Irma Thomas was affordable and available when we were making Volume One but money and time constraints were against her participation when we were finishing these songs.  Arséne Delay had been singing the Irma Thomas role for a year so it made sense for her to play Irma on this song.  Mark Bingham used production styles from 1960′s female pop records with double tracked vocals and heavy reverb and Arséne makes a fantastic Irma.

Arséne comes on in the bridge sounding like a star arriving on stage as Irma Thomas.  Arséne has a voice that can stop a room and turn every head in her direction.  She makes the star entrance work because that girl is a star in the making.  She works hard at being a performer, every day of her life and makes the most every chance she is given at work.  Arséne moved herself across country from Los Angeles to be a part of Nine Lives. S he learned every female song in the show for cross country acoustic performances and gave up lead vocals for bigger shows when more singers became involved.  She does whatever is asked of her to make the project move forward and what most folks don’t realize is that all of the hard work you do off stage is what really makes you a star on stage.

Arséne and Vance are cousins, both members of the Boutté family who have adopted me as one of their own though I believe they have the gift of making every friend feel as if they are a member of the family.  They have that much love in them.

Arséne and Vance have sung together countless times at family gatherings since they were children.  Their chemistry in the studio and on the song was instant and palpable along with the kind of back and forth joking that family members or old friends like Irma and Da have when they address each other.

Nine Lives is packed with music, songs arrangements, musicians and singers enough to take your breath away.  It is every thing I dreamed it could be musically and more but the hidden emotional treasures and the effects of the emotional healing that I was allowed to experience through the songs and the voices that bring them to life are far beyond anything I could have anticipated.  I was allowed to piece back together lost bits of my life through Nine Lives.  Not just the parts that I lost in the flood but parts that the rock business had taken from me, joy, friends, memories from high school, grade school.

The hopelessness of post flood life and the boundless hope for what tomorrow may bring that Dan Baum suggests in his book and that I continue to try to live and search for with my wife and in my life.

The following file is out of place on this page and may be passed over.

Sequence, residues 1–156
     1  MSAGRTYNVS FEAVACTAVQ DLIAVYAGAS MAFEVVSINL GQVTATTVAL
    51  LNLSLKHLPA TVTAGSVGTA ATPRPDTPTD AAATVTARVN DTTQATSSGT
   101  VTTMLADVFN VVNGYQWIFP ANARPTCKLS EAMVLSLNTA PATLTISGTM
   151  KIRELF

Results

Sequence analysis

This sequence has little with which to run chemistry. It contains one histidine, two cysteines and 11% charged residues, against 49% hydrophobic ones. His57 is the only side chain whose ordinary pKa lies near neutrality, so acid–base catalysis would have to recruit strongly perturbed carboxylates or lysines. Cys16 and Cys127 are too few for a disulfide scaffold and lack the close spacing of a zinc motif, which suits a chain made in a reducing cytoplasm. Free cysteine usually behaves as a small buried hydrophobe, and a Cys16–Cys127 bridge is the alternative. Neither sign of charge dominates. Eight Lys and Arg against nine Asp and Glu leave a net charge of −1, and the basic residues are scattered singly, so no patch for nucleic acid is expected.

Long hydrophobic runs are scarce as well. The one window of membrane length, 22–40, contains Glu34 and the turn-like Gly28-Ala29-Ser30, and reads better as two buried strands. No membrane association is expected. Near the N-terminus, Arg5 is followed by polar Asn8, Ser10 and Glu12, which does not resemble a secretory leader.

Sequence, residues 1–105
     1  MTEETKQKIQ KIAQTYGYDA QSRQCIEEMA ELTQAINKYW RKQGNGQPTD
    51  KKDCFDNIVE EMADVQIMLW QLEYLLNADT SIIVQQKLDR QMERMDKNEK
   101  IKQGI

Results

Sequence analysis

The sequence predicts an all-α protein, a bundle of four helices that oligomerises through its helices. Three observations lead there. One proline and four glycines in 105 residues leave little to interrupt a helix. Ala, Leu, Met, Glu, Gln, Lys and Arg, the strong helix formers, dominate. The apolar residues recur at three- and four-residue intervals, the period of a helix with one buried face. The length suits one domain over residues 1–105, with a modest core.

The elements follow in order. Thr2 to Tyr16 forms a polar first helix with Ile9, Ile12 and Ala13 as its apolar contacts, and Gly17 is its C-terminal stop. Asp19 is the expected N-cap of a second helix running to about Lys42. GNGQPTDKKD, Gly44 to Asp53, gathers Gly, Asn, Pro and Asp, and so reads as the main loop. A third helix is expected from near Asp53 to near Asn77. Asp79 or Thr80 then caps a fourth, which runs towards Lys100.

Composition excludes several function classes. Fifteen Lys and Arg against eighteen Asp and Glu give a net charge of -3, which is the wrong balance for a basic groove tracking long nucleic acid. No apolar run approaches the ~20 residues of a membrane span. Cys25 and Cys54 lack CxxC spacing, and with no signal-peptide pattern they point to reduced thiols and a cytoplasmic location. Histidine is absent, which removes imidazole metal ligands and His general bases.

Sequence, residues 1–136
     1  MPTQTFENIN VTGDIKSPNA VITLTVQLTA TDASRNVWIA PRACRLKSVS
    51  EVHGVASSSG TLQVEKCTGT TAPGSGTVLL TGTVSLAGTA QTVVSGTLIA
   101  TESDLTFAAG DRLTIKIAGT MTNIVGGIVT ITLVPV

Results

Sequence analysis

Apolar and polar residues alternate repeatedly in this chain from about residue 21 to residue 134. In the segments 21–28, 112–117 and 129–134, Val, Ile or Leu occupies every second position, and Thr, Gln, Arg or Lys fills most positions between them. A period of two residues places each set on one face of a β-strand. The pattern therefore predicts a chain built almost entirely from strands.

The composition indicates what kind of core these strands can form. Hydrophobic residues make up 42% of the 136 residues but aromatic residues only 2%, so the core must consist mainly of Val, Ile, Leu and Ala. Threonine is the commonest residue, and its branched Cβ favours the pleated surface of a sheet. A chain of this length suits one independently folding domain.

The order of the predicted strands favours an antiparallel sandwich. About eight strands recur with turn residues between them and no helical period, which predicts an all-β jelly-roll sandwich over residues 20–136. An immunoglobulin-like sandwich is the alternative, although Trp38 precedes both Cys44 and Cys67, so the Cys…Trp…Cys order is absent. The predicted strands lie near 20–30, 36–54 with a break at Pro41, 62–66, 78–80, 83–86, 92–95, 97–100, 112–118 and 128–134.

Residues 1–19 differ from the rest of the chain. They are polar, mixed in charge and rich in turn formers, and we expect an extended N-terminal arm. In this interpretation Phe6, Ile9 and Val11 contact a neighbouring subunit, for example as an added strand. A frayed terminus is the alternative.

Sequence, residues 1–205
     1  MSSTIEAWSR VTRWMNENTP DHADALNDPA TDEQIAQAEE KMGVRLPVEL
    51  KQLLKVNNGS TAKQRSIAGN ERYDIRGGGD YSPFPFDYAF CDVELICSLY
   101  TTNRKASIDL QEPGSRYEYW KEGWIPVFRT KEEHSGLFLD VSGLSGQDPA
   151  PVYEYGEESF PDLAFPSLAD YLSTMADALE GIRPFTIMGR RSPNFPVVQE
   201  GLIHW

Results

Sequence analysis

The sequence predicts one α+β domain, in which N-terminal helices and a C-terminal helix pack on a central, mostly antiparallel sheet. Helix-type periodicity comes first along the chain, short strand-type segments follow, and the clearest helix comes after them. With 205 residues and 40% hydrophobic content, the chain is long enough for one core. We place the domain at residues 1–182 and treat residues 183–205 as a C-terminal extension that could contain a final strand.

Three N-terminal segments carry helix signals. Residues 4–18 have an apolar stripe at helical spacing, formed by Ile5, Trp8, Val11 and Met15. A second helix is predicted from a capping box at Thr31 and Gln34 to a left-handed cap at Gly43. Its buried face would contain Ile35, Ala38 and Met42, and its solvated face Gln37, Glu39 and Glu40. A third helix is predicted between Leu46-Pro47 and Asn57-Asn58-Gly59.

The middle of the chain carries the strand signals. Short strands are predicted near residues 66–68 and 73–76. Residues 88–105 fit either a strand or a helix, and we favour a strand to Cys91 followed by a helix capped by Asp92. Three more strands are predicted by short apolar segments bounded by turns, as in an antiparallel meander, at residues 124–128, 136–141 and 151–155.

This song, a simple enough R&B song, reminds me of all of that because Disrespect is about loyalty, responsibility, respect and love.

I think that is what Da was trying to teach young Wilbert.

It is what I have learned from this experience.

~ Paul Sanchez – January 9, 2012

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The Making of Nine Lives – Filling in the Story: School Song/Fight Song

School Song/Fight Song

This song follows Betsy’s Coming.

Dan had written of a young Catholic school boy named John Guidos. In the days after the hurricane John would overhear the nuns and priests at his high school saying how Hurricane Betsy’s damage might have been divine retribution for the sin and squalor of New Orleans. In his own mind he wondered if this were true, why God spared the French Quarter and it’s drunks while flooding the poor people in the 9th Ward.

I had grown up attending Catholic schools in New Orleans about ten years behind John. A lot of what Dan wrote rang true right down to my very core. Not to mention that after the flooding of Katrina forty years later, televangelists and Christians around the country were saying that New Orleans shouldn’t be rebuilt because the destruction was divine retribution for… you get the point.

Dan had left Colman and me extremely fertile ground. A book of words and a scene set for me to get a few things off my chest. If comedy is healing then this song helped me heal immensely. As for Colman, he had tried persistently to inject sex, dirty jokes and cursing into every single song we have ever written together, (I think it may be a rule in the Screenwriters Union), and this song gave him carte blanche to work blue.

I had grown up singing in choir and had marched in drum and bugle corps when I was a boy so I had plenty of musical references to draw on for the melody. I also had countless after school spankings, detentions, extra schoolwork and public and private humiliations stored in my memory banks to come out of the gates guns blazing. I think Colman was a little surprised just how quickly things turned racy, his favorite direction. He was used to me shutting him down in his attempts to add sex jokes and with each one we came up with we inspired the other guy to be more over the top with the next joke. Two guys, in a room, making each other laugh.